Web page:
Local Power

Last Friday, more than 400 local residents attended a public meeting which I called at Fontwell Park.  The issue that caused so much concern was a proposed new development of 2,000 houses in the Six Villages area.

There's a strong view that the previous Government's housing numbers were too high, not least because of completely inadequate local infrastructure.  Our villagers know only too well the problems with roads, water and sewerage.

But I was especially struck by another flaw in the proposal.  The whole point of localism was to give neighbourhoods powers to write their own plans.  But this reform is being undermined by the continuation of a top-down approach.

Thank goodness the hated regional housing targets are finally about to be scrapped.  Now district councils like Mid-Sussex, Horsham, Arun and Chichester will have the job of setting overall housing numbers in their areas.

But I'm concerned that parishes still don't have enough of a say as they draw up their own neighbourhood plans.

With power comes responsibility.  And it's noticeable that parish councils haven't just been saying 'no' to any development.  But they do have the best idea about what is sustainable.

And their proposals will be put to a local vote.  That means decisions will have real local legitimacy.  So they should be respected.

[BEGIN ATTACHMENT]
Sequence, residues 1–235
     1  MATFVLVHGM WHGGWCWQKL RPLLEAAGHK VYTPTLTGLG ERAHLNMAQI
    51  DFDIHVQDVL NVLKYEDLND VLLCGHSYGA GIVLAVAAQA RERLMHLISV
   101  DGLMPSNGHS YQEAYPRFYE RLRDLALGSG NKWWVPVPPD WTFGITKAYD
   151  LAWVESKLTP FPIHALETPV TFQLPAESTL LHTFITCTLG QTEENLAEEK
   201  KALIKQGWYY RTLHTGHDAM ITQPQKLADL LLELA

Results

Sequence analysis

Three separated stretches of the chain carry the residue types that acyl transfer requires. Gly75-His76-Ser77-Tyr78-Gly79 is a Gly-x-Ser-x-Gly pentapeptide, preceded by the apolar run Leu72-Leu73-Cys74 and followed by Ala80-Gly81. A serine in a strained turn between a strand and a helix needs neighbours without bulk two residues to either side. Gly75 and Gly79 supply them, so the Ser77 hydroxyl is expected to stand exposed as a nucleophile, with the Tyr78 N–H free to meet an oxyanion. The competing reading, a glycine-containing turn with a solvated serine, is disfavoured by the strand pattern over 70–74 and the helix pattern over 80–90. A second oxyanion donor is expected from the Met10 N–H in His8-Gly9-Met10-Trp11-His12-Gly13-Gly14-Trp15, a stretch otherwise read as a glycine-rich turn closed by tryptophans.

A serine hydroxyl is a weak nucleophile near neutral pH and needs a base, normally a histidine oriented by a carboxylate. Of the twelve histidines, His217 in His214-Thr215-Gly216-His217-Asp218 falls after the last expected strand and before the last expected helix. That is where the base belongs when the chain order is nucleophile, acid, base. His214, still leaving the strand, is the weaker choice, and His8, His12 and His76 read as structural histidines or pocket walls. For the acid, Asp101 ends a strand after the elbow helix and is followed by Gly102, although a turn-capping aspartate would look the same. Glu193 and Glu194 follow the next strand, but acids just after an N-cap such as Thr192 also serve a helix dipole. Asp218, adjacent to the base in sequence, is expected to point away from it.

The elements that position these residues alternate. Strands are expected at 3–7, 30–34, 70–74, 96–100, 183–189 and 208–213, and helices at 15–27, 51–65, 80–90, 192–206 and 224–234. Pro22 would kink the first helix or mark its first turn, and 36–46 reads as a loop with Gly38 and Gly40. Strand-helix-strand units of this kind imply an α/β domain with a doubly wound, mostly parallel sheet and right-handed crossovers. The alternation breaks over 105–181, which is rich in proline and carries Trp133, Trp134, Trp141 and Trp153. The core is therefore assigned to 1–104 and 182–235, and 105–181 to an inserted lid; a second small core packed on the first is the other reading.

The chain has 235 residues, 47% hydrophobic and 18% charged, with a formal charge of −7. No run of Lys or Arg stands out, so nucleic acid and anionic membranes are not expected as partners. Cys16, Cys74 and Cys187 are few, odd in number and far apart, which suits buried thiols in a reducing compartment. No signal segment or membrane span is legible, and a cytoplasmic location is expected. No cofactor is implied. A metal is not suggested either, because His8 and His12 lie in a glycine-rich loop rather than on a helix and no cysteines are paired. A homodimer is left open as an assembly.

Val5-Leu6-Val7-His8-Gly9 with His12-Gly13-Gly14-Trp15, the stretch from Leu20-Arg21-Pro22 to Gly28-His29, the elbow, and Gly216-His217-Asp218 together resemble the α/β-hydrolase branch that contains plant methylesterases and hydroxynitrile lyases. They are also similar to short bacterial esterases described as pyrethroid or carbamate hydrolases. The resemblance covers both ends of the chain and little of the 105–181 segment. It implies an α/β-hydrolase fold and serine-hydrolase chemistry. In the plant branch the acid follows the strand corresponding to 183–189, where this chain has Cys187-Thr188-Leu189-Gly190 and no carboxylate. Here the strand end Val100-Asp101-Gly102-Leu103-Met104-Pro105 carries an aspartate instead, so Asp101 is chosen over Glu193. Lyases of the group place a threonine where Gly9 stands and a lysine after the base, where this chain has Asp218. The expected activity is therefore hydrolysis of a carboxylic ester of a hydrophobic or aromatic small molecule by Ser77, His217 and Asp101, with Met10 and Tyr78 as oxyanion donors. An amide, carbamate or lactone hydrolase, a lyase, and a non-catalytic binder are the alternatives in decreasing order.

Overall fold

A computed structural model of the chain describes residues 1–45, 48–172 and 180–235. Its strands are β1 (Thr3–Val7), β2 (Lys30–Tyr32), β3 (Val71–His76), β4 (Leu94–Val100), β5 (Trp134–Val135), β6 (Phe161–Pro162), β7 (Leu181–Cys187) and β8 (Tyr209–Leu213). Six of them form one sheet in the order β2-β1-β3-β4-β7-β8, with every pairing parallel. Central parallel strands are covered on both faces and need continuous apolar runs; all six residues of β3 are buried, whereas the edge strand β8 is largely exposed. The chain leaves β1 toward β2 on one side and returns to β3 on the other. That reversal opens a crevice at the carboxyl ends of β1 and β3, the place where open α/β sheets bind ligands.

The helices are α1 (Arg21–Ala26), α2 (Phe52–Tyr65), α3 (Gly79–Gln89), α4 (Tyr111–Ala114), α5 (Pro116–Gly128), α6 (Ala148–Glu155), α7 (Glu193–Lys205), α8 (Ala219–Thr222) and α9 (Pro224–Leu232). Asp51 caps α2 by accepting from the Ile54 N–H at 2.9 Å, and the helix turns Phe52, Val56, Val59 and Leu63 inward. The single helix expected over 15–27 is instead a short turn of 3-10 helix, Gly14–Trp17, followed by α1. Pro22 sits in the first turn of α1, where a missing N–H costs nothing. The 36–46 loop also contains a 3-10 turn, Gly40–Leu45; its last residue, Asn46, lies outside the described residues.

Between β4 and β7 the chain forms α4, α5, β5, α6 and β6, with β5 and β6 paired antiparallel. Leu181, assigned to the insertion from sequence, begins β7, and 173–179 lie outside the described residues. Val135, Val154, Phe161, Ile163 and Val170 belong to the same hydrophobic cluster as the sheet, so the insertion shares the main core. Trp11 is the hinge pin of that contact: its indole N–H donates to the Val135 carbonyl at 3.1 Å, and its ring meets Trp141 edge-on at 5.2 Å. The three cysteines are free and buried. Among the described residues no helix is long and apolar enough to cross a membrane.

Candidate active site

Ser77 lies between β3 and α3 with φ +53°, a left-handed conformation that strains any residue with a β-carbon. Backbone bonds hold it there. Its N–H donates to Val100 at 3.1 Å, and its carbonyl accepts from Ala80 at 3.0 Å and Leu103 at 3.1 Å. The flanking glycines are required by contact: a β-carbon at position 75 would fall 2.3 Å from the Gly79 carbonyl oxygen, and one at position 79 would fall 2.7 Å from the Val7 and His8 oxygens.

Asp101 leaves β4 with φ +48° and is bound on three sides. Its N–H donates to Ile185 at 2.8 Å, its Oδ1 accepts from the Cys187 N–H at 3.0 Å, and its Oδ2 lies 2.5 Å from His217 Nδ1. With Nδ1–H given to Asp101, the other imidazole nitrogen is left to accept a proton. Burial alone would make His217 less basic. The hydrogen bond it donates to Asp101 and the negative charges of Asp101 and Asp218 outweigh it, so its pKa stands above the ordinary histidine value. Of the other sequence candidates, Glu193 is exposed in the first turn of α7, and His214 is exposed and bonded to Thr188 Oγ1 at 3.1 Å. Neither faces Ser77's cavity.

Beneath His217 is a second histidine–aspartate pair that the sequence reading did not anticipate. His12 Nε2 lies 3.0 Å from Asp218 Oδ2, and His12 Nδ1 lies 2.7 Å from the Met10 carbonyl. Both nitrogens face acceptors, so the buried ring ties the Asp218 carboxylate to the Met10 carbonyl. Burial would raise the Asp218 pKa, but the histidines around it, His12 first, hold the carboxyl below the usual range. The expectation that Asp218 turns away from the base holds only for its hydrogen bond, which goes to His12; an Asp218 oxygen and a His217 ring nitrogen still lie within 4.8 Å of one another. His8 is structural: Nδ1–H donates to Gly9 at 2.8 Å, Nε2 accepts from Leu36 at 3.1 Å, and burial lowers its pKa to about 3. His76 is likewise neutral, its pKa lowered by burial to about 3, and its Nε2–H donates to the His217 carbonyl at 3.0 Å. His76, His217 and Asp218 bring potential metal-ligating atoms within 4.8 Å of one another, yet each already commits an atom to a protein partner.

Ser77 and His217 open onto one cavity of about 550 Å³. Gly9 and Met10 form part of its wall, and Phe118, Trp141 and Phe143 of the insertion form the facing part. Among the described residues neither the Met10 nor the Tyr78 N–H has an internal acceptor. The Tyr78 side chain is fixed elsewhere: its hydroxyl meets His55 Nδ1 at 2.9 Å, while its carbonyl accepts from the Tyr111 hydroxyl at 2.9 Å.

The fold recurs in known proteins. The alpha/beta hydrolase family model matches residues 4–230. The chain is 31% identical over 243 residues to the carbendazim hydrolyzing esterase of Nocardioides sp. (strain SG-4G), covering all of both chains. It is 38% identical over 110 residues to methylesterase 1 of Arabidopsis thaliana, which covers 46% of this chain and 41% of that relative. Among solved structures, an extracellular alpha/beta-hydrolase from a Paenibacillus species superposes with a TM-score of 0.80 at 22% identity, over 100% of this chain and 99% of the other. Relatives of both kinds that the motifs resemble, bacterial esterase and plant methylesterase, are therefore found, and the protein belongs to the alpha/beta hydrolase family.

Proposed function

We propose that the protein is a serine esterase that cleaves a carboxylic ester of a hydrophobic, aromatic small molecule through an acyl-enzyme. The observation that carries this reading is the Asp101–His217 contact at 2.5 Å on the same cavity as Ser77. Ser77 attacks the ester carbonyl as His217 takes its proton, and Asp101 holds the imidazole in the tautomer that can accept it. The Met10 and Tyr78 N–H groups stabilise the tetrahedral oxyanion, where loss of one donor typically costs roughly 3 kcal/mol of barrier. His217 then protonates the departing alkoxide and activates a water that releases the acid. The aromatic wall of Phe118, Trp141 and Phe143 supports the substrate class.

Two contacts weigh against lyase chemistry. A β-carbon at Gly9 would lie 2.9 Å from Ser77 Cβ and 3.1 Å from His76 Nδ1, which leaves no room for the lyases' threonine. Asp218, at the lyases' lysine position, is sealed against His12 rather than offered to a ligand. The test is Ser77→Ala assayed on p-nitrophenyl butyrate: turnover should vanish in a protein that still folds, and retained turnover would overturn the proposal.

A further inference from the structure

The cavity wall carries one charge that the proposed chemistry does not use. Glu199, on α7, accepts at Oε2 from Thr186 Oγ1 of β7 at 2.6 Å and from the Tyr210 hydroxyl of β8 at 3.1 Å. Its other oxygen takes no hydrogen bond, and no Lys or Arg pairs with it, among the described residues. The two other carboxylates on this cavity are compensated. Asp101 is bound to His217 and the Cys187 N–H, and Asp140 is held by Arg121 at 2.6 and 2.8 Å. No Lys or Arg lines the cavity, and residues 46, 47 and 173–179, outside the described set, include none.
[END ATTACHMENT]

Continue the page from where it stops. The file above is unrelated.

The principle of localism is clear.  Power should be as close to the people as possible.  And our county and district councils are certainly a lot closer to local people than, say, the late and unlamented South East England Regional Assembly.

But many decisions can be taken more locally still - and not just over planning.  So if individuals can control personal budgets, they should be empowered to do so.  West Sussex successfully pioneered this with social care.

The same principle could be extended to new areas where personal choice over how public money is directed would ensure that it is spent better - for instance, healthcare and schools.

If personal control isn't appropriate, give communities power.  Earlier this year I saw a brilliant scheme in the Netherlands where a local community is allocated hours of police officer time.  They really did set the neighbourhood policing priorities.

Governments find it hard to let go.  So, sometimes, do councils.  But the strength of our West Sussex villages lies in our communities.  It's time to give them the say they deserve.   

Christopher N Howarth